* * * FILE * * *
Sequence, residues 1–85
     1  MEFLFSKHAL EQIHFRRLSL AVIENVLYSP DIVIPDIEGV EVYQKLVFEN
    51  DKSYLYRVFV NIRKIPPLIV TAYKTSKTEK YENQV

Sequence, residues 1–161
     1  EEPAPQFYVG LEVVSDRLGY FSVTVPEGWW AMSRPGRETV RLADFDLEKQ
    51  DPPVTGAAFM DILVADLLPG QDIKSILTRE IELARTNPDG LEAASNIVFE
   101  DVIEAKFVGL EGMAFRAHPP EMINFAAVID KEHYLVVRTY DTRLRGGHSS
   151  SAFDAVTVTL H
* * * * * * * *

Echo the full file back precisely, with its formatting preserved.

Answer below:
Sequence, residues 1–85
     1  MEFLFSKHAL EQIHFRRLSL AVIENVLYSP DIVIPDIEGV EVYQKLVFEN
    51  DKSYLYRVFV NIRKIPPLIV TAYKTSKTEK YENQV

Sequence, residues 1–161
     1  EEPAPQFYVG LEVVSDRLGY FSVTVPEGWW AMSRPGRETV RLADFDLEKQ
    51  DPPVTGAAFM DILVADLLPG QDIKSILTRE IELARTNPDG LEAASNIVFE
   101  DVIEAKFVGL EGMAFRAHPP EMINFAAVID KEHYLVVRTY DTRLRGGHSS
   151  SAFDAVTVTL H